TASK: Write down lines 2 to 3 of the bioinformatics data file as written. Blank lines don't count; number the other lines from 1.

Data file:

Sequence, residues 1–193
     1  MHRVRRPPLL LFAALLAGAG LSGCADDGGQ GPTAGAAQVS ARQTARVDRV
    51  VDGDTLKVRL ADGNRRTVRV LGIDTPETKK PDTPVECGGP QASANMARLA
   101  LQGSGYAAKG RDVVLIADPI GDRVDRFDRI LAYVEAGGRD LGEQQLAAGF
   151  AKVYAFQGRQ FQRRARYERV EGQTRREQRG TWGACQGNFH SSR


     1  MHRVRRPPLL LFAALLAGAG LSGCADDGGQ GPTAGAAQVS ARQTARVDRV
    51  VDGDTLKVRL ADGNRRTVRV LGIDTPETKK PDTPVECGGP QASANMARLA